The topic everyone talking about today is “Last Mile Connectivity”. When it comes to providing internet access to the most remote and underserved areas of the world, Africa is a prime example of a region where the tech giants have struggled. Projects like Google’s Loon in Kenya and Facebook’s Express Wi-Fi, which promised to bring cheaper internet access to developing parts of the world, have both closed down with little to show for their efforts. So, what went wrong?
One major issue is the lack of partnerships with local innovators. These tech giants often come in with a “one-size-fits-all” approach, trying to impose their own solutions on local communities without truly understanding their unique needs and challenges. This can lead to projects that are not well-suited for the local environment, and that ultimately fail to gain traction. There is a lot of local innovators that understand the local environment working on a multitude of problems including last-mile connectivity and yet most of those big organization believe or prefer not to look at those innovators, or invest in them believing their approach is much better.
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Another critical issue in addressing last-mile connectivity is the absence of a multi-purpose digital infrastructure. In Africa, traditional telecommunications companies have successfully generated revenue from various sources, including mobile money, voice calls, SMS, and internet services. This diversification of revenue streams enables them to maintain a sustainable business model and continue investing in their infrastructure to expand coverage and enhance service quality.
In contrast, many tech giants have primarily focused on providing internet access as their core service offering. While internet access is undoubtedly crucial, relying solely on this single service is insufficient to establish a sustainable model for last-mile connectivity. The limitations of this approach become apparent when considering the complexity and costs associated with building and maintaining digital infrastructure.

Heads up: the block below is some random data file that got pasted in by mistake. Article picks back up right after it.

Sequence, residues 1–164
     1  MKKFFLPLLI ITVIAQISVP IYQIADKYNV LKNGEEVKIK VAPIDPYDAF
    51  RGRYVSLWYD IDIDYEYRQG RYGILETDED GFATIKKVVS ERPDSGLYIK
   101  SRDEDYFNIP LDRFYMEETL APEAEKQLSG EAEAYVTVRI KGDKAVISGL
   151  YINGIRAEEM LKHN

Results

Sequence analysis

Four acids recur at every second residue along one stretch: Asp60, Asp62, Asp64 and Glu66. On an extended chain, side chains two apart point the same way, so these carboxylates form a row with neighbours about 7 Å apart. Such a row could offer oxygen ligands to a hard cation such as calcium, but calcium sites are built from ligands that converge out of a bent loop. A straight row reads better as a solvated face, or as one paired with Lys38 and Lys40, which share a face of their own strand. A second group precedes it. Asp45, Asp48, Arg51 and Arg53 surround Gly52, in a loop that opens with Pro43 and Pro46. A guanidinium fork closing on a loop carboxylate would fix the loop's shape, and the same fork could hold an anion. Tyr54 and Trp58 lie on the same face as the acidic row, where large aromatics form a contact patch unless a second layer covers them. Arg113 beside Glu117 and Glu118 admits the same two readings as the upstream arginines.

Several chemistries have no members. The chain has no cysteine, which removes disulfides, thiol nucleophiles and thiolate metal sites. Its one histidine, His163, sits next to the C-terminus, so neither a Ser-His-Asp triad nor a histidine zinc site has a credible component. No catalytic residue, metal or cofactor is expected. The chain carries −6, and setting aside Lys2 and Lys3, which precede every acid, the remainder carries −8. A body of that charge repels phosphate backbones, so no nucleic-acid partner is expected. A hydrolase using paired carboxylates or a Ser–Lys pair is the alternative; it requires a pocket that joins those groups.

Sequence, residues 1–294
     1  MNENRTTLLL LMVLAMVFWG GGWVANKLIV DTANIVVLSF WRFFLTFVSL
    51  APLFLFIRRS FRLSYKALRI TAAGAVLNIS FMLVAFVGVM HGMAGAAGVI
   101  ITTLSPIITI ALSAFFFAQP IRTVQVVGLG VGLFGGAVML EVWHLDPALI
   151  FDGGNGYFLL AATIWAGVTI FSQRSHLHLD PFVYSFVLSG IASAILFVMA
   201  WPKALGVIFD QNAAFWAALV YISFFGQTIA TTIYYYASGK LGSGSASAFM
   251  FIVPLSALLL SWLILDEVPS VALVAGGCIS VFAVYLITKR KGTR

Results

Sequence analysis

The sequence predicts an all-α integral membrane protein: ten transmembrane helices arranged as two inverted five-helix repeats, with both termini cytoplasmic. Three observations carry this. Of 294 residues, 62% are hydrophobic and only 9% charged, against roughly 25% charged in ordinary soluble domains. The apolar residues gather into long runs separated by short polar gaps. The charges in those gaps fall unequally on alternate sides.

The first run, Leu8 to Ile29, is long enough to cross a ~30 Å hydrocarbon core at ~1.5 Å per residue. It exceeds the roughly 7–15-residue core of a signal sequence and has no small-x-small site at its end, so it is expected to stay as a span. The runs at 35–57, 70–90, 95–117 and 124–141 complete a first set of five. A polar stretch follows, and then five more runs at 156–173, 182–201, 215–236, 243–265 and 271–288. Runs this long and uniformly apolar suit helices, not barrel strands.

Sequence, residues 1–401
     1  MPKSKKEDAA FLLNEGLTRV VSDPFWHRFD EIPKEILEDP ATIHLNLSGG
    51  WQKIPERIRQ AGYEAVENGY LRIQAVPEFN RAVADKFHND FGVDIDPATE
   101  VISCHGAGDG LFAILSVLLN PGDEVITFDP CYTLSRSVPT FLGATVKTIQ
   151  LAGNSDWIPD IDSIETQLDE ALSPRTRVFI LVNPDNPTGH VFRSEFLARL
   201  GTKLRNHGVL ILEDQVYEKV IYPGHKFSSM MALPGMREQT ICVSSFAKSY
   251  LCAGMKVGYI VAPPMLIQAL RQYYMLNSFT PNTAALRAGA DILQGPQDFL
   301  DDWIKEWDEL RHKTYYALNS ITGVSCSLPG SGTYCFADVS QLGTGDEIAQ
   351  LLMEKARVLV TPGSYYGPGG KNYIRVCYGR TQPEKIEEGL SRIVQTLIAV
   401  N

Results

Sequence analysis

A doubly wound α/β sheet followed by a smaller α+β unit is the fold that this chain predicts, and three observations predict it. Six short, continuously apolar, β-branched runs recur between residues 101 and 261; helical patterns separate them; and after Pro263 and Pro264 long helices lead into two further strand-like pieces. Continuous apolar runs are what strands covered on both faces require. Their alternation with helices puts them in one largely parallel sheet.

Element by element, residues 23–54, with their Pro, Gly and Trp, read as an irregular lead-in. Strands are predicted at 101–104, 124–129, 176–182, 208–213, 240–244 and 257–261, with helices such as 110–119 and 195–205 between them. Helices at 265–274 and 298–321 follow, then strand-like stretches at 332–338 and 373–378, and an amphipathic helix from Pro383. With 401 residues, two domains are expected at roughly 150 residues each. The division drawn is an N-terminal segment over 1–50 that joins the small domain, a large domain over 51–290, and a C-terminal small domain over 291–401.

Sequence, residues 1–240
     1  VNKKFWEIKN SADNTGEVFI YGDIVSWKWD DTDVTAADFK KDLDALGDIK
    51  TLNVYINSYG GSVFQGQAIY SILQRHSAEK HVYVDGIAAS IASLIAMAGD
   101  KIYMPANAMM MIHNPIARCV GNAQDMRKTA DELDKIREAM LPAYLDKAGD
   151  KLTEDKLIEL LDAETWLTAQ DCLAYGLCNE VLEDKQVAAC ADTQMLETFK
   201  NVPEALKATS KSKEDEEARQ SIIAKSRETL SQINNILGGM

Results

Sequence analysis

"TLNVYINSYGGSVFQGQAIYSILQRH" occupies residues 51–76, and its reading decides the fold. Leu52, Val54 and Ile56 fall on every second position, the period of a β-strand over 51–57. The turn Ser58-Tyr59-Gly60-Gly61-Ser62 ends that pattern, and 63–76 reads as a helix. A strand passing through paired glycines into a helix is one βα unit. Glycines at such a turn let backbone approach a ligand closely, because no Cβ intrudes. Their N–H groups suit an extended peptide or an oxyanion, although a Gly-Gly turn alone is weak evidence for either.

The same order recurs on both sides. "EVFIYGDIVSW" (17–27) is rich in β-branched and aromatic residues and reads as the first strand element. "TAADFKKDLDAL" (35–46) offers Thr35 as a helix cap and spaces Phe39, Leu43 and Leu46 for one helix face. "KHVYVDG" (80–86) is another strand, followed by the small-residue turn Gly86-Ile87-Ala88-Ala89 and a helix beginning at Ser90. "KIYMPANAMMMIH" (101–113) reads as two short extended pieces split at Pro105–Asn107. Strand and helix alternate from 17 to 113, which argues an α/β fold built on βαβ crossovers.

By offering a broader range of services, traditional telecommunications companies have been able to leverage the revenue generated from multiple sources to fund infrastructure development and improvement. This diversified approach not only provides financial stability but also ensures a steady flow of resources to support expansion into underserved areas and the implementation of technological advancements.
To bridge the digital divide effectively, it is crucial to adopt a multi-purpose digital infrastructure model. This entails exploring opportunities to integrate various services, including mobile money, digital banking, e-commerce, and other value-added offerings, alongside internet access. By diversifying revenue streams and providing a comprehensive suite of services, companies can create sustainable business models that support ongoing investments in network infrastructure and ensure long-term viability.
Furthermore, a multi-purpose digital infrastructure approach aligns with the evolving needs and demands of users in Africa. It enables individuals and businesses to access a wide range of digital services conveniently, fostering economic growth, digital inclusion, and social development.